How are we supposed to accomplish the following without migrating to one of your competitors?
GOAL: Reliably send data into properly named custom fields
every time the form on our landing page is filled out
without having to Token re-authenticate every time we send data.
We cant as far as I know, unless we take our business elsewhere.
I can accomplish the goal stated above in 15 seconds with 1 simple class and a copy/paste of 1 key and 1 secret on other email systems.
This is why I move people away from Constant Contact and every time I have to mess with this system it gets worse.
V1 was useless, V2 showed promise but was poorly planned, and V3 is equally useless.
I am going to state my conclusion/theory first:
I suspect the REAL reason Constant Contact has implemented this "very peculiar Oauth setup" is because the company infrastructure can not handle live API call demands. Ergo: this overly elaborate system is a mask for a failing company falling apart at the seams that can not support it's customer base and needs. So, the only way to hide that is to slow down and in some cases prevent people from using the system,
Here is how I arrived at that conclusion:
First, consider that I know very well all I need is a Key and a Secret to send data into an API, hard-coded into my server side application. Using these tokens via Oauth is not necessary, and in this case, absurd. I am sending data back and forth between SalesForce, MySQL, MS SQL company server, Twilio, Mailchimp, ect... none of them have this problem.
Consider the following set of Catch 22 limitations preventing us from using constantcontact in any reasonable and sane way.
We have a Landing page we advertise using Google, Facebook and MS Ads.
People visit that page at all different times of the day randomly.
We have a complex lead generation system that collects POST data and sends it to
- Sales force
- Local/regional office DB's
- Specific sales people based on certain criteria
- Twillio text message
- and of course 'the newsletter' which at this time is 'constantcontact' (but not for long)
V2 of the API does not allow sane custom field names, we can only name things "CustomField1" and "CustomField2"
We need to name things like this "Sign up source", "Referral URL", "Coupon code", "Lead gen type", "Interest"
V2 of the API does not allow that (but v2 does have an auth token that lasts for a long time)
The new 'V3' of the API supposedly allows us to send sane custom field names
But, V3 makes us get a new refreshToken every 2 hours which is worthless, unreliable and problematic (at best)
Furthermore, when we do manage to get a new Token it comes with another refreshToken which makes the previous refreshToken worthless
Ultimately this means there is a 50% failure rate on our lead gen forms when someone checks the box that says "add to mail list" because if 2 people are using that page at the same time, or, if more than 2 hours occurs the refreshToken process has to be started all over again.
Why would you set it up this way?
I think this is the worst way possible to set up this kind of system.
Unless... you cant handle the volume of customers who are sending data into your system.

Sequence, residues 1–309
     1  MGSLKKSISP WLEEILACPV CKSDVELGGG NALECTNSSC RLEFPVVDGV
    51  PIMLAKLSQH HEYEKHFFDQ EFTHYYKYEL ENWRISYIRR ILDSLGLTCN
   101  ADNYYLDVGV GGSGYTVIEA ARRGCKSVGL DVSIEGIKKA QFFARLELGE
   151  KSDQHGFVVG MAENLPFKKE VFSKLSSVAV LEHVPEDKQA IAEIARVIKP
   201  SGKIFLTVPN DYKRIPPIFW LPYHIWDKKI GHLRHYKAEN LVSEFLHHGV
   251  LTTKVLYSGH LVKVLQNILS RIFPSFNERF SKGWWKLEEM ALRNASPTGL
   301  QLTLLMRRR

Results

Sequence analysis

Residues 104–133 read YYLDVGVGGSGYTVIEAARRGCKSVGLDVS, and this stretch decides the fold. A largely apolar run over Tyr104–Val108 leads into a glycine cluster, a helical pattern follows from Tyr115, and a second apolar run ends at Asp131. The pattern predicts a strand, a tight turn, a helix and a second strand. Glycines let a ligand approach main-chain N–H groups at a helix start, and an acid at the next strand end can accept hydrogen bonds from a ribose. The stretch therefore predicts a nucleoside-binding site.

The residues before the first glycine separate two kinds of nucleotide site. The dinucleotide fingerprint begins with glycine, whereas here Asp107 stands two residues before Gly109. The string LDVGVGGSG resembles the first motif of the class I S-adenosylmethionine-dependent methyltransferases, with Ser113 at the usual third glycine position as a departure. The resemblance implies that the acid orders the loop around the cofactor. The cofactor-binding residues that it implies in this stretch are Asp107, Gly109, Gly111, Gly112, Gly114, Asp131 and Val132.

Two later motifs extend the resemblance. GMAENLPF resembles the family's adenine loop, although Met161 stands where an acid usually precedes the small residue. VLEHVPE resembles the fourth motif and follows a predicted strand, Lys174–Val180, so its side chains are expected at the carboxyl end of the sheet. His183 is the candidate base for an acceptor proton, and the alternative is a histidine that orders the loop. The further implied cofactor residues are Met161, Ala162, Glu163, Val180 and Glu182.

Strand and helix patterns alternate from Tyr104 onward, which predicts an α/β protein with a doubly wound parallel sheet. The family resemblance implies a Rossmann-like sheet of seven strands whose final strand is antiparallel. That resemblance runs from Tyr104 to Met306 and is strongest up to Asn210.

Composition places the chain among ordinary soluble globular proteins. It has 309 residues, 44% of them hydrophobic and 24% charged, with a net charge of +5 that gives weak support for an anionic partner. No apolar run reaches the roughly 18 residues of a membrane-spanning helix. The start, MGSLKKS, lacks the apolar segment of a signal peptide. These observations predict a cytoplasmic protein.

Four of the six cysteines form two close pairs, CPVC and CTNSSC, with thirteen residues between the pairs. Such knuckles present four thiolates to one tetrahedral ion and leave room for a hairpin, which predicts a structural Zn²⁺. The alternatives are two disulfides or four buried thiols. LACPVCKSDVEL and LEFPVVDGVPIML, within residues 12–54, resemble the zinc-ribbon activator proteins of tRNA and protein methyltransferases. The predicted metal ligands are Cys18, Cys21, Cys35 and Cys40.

In which case, see my conclusion, above.
The whole point of using an API like this from a dev standpoint is to send over the Key and Secret and then be allowed to send data into the system. The way you have set up the refresh tokens makes this overly elaborate and ultimately UNSTABLE AND UNRELIABLE.
I can understand your frustrations when a company implements new changes, but I assure you they are for good reasons. We changed our Access Tokens to expire sooner to help ensure higher security. While not everyone appreciates the extra security we have notice a decrease in bad actors compromising accounts.
When using the v3 API your Access Token can expire anywhere between two hours and 24 hours depending on use. When you generate the Access Token you also generate a Refresh Token; the idea is that you store both of these tokens. You use the Access Token to make your API calls and when it does finally expire you then use the Refresh Token to generate a new set of Access/Refresh Tokens and this is Step 5 in the oAuth flow. As long as you do not go through the other steps your Refresh Token will never expire of be invalidated.
I have similar problems in my system, but I understand that CC is changing the refresh token each time due to a secuirity measure. But I have a question here, let's say there are multiple places in app where CC integration is required with the same account. If my users authenticate for multiple places, only one of them would work because only 1 pair of access/refresh tokens will be valid. I can still work around this problem by storing one pair of access/refresh token in one place, and using that in all places in app. BUT, tell me this, let's say 9 o clock, the acess token is going to expire. And 9:01, 3-4 places in my code pick up the refresh token to generate new access token, and then make some API call to push data in CC. Some of those requests will fail, right? Because one of them will generate a new refresh token and if the other requests are running parellel, they will pick up the old refresh token from the db in that few 100 ms, and they would fail, rigth?